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Hellenistic Thessaloniki

  • Michael Vickers (a1)
Summary

It would seem that the plan of Thessaloniki (fig. 4) was laid out at the time of the city's foundation by Cassander in c. 316 b.c. and that it has close parallels in the plans of other early Hellenistic cities. There was possibly an agora in the upper city from the beginning, but the principal, commercial agora of the Hellenistic city was probably closer to the sea. A large open space to the west was possibly a ‘sacred area’ in Hellenistic times, but the only religious centre whose site is known with any degree of certainty is the Serapeum. A gymnasium is known to have existed to the north of the city from the late Hellenistic period at least, and a nearby stadium probably goes back to Hellenistic times as well.

The Hellenistic fortifications probably followed the lines of those of the mid-fifth century a.d. In common with many other Hellenistic cities there is an acropolis incorporated in the city wall, but the fortifications of Thessaloniki are slightly anomalous in that the lower stretches of the east and west walls run parallel with some of the streets of the city plan.

Thus, even though the reconstruction of Hellenistic Thessaloniki may be an elusive and often a speculative business, the statement of an anonymous writer to the effect that ‘il ne reste à Thessaloniki aucun vestige de la ville hellénistique’ is certainly exaggerated.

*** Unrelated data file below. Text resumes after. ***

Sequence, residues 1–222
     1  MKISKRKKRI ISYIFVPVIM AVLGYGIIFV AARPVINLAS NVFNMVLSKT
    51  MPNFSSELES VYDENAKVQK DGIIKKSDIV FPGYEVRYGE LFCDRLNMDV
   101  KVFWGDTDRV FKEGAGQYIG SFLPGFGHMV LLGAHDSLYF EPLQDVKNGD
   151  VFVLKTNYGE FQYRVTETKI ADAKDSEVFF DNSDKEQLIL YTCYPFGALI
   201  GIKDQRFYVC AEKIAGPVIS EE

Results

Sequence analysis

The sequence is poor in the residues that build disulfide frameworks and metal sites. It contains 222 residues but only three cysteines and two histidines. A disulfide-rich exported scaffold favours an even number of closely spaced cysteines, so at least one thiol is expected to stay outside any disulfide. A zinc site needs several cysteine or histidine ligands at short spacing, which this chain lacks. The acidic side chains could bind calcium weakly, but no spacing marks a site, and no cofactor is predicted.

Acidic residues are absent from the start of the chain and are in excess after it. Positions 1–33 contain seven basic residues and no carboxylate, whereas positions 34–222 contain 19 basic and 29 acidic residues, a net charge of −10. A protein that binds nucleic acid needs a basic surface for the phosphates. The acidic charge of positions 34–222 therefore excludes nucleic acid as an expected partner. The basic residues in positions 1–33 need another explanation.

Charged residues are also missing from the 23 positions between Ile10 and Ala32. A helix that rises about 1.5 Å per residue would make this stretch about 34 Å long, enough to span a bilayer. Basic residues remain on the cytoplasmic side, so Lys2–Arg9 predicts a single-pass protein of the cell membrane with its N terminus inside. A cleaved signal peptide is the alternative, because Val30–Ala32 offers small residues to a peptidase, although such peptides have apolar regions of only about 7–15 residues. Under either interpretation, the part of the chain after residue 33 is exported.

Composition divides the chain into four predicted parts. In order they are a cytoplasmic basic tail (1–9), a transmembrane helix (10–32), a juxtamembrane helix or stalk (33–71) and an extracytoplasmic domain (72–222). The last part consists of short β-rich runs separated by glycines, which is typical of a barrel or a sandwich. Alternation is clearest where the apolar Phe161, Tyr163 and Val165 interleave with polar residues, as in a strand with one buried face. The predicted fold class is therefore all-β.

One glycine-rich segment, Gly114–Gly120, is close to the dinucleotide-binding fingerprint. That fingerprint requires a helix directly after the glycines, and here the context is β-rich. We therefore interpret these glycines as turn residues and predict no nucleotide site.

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I should like to thank Professor G. Bakalakis, Professor Ch. Bouras, Mr M. H. Bräude, Professor C. F. Edson, Dr Ph. Petsas, and Dr W. H. Plommer for their assistance in various ways in the preparation of this article. Dr Plommer, Dr H. P. Laubscher and Dr A. H. MacDonald were kind enough to read it through in draft form and it has benefited as a result of their comments.

1 E.g., Castagnoli, F., Ippodamo di Mileto e l'urbanistica a pianta ortogonale (Rome, 1956) 77; Martin, R., L'Urbanisme dans la Grèce antique (Paris, 1956) 163; Giuliano, A., Urbanistica delle città greche (Milan, 1966) 200.

2 von Schoenebeck, H., ‘Die Stadtplanung des römischen Thessalonike’ in Bericht über den 6. internationales Kongress für Archäologie (Berlin, 1940) 480.

3 From Town Planning Review ix (1922) pl. 33. Similar plans are to be found in Ancel, J., La Macédoine, son évolution contemporaine (Paris, 1930) pl. 63 (opposite p. 296) and Strück, A., Byz. Zeit xiv (1905) 545.

4 The present name is a misnomer based on the assumption that the ancient Via Egnatia ran through the centre of the town. Makaronas, Ch. has clearly demonstrated in ‘Via Egnatia and Thessalonike’, Studies presented to D. M. Robinson i (St Louis, 1951) 380–8, that this was not the case and that the Via Egnatia in effect by-passed Thessaloniki.

5 J. Ancel, op. cit. 286.

6 See the writer's ‘The Byzantine Sea Walls of Thessaloniki’, Balkan Studies xi (1970) 277, fig. 3 (cited below as ‘Byzantine Sea Walls’).

7 Ancel, op. cit., pl. 63, legend. For evidence that this area was not built up in the seventeenth or eighteenth centuries, see ‘Byzantine Sea Walls’, pls. 1b and 2b.

8 Dyggve, E., ‘La région palatiale de Thessalonique’ in Acta Congressus Madvigiana i (Copenhagen, 1958) 353–65, where earlier bibliography.

9 Laodicea, , ‘Le plan de Laodicée-sur-Mer’ in Bulletin ďétudes orientales iv (1934) 81114. Beroea, , ‘Ľenceinte primitive de la ville ďAlep’ in Mélanges de ľInstitut français de Damas i (1929) 133–59 and Alep, Essai sur le développement ďune grande ville syrienne, des origines au milieu du XIXe siècle (Paris, 1941). Damascus, , ‘Le plan antique de Damas’ in Syria xxvi (1949) 314–58.